The knee-jerk reaction of the UN to call for anti-blasphemy laws once again comes from the fear of this very volatile attitude shared by many extremist Muslims. If the anti-blasphemy laws were brought into effect it only serves to formalise and condone the actions and over-reactions that many have already undertaken. Anti-blasphemy laws are already in place in may countries of the world including Pakistan and Greece, and we have seen (particularly in Pakistan) the laws being enacted against people who are accused of blaspheming against religions.

In the case of Pakistan we see how the law is enacted all to frequently and sometimes with the intention of ridding areas of conflicting religions. This article by Ali Salman Alvi in The Pakistani Times from September 29 of this year shows just how out-of-control the situation in Pakistan has become:

Be it the barbarous public lynching of two brothers in Sialkot that left us with our heads hung in shame or the deplorable murder of the governor of Punjab, Salmaan Taseer by his own security guard and the subsequent glorification of the killer as a hero of Islam, we never cease to stoop low. In July this year, a mob of more than 2,000 enraged people snatched a mentally unstable man accused of burning pages from the Holy Quran from police custody and burnt him alive in Chanighot area of Bahawalpur. I feel sorry for the psychiatrists who try to look into the reasons behind our intolerant behaviour of going violent on little things since this mental disorder of ours is not only incomprehensible, it is rather incurable. How did torching that man strengthen Islam? What purpose has it served? Where is this frenzy driving us? What message are we sending to the world? We better figure it out sooner rather than later.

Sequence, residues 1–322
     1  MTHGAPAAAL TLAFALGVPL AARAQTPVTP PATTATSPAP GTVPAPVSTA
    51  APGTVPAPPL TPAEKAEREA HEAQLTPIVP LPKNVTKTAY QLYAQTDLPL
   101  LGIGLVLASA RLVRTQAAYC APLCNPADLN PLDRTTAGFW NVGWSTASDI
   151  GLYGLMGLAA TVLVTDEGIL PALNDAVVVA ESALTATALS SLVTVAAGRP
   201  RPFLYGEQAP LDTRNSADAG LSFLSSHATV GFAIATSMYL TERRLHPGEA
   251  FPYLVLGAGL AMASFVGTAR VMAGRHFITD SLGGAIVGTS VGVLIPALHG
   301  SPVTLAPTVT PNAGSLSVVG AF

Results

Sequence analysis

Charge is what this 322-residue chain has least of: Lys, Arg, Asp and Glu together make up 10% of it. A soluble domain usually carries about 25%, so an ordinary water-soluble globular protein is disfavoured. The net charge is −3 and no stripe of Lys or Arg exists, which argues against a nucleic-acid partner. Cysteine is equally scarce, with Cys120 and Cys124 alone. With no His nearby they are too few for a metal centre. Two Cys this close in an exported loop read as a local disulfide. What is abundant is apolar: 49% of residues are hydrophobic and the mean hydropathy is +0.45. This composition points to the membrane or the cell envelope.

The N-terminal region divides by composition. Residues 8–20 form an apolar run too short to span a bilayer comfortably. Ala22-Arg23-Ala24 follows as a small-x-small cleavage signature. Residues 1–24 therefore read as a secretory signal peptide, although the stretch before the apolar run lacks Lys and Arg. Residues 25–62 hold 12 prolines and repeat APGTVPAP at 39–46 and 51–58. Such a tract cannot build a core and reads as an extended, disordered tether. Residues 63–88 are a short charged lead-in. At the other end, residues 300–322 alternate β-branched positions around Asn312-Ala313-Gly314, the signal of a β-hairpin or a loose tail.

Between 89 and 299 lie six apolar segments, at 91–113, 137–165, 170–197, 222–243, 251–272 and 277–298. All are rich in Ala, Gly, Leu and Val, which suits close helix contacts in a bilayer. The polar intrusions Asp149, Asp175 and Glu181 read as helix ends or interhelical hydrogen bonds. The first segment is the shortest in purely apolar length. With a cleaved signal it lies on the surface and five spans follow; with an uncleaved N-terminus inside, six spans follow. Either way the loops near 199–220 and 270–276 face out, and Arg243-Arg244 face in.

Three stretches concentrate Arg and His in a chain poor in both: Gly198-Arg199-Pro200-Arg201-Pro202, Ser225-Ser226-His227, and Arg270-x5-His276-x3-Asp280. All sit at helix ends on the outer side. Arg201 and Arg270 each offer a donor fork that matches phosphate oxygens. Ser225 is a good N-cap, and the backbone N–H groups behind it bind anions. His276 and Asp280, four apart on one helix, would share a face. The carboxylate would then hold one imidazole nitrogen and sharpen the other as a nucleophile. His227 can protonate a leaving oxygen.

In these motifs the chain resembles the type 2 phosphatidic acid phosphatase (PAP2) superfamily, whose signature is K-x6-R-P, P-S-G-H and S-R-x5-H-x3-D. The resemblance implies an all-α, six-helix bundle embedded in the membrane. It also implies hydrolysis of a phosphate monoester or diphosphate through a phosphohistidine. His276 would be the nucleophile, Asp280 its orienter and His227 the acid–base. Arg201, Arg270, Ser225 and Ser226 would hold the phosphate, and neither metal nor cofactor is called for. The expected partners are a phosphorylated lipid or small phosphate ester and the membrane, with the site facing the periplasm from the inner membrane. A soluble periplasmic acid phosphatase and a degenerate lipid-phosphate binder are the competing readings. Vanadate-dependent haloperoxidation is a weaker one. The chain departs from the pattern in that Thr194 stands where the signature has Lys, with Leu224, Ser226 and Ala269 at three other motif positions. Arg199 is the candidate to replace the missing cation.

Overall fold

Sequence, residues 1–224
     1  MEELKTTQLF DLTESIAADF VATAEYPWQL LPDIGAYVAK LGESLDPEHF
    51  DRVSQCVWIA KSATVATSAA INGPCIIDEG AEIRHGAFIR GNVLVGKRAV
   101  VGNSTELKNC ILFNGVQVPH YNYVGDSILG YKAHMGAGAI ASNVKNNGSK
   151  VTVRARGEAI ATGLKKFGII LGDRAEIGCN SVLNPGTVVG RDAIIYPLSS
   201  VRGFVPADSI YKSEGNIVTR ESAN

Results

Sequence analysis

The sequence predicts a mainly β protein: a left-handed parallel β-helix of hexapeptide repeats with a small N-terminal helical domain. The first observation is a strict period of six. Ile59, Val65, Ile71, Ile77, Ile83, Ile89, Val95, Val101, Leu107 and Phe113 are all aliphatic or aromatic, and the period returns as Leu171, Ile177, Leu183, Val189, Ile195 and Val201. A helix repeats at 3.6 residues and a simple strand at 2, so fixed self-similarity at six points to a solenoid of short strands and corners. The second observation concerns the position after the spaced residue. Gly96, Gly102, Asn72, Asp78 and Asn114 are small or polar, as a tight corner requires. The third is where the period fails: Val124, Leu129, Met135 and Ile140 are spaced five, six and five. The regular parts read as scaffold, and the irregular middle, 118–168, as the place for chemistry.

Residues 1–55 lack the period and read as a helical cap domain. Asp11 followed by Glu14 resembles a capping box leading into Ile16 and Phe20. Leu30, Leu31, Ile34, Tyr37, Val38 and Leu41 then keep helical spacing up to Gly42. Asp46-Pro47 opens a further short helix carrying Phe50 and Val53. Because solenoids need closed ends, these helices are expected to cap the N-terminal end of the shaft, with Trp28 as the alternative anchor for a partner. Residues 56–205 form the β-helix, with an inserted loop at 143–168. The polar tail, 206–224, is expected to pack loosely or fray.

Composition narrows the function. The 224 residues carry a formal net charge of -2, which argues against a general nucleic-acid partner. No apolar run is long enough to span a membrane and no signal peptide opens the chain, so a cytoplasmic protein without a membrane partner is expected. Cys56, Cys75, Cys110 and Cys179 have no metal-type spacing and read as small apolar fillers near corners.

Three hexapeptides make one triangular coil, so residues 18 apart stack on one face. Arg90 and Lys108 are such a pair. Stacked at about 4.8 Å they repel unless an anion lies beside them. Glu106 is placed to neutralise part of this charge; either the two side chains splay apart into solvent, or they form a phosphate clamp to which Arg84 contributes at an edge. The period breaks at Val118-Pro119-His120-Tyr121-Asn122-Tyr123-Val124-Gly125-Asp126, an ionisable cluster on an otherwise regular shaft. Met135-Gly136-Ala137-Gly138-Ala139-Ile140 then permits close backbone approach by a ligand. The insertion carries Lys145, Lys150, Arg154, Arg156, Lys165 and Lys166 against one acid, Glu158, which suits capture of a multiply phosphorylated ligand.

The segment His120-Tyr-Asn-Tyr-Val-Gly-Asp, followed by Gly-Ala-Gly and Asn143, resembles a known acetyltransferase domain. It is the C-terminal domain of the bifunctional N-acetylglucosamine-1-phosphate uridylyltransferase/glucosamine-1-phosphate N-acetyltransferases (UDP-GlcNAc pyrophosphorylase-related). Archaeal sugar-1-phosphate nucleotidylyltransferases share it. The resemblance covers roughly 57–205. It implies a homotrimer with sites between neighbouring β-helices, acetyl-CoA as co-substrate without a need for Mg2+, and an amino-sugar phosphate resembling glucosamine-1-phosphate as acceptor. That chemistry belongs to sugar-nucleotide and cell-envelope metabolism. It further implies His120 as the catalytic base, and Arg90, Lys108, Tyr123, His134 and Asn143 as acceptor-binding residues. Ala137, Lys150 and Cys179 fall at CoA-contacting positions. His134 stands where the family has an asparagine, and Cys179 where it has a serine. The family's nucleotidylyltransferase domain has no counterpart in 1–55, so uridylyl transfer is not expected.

In the latest development in the Rimsha Masih case, the investigating officer has submitted an interim charge sheet before a trial court claiming that the complainant, prayer leader Khalid Jadoon Chishti, was in fact guilty of tampering with the evidence by adding Holy pages in the bag Rimsha had been carrying. There was no evidence or witness to prove that the blasphemy-accused girl was seen desecrating the Quran.

He goes on to talk of the way the laws have been abused by Pakistani people: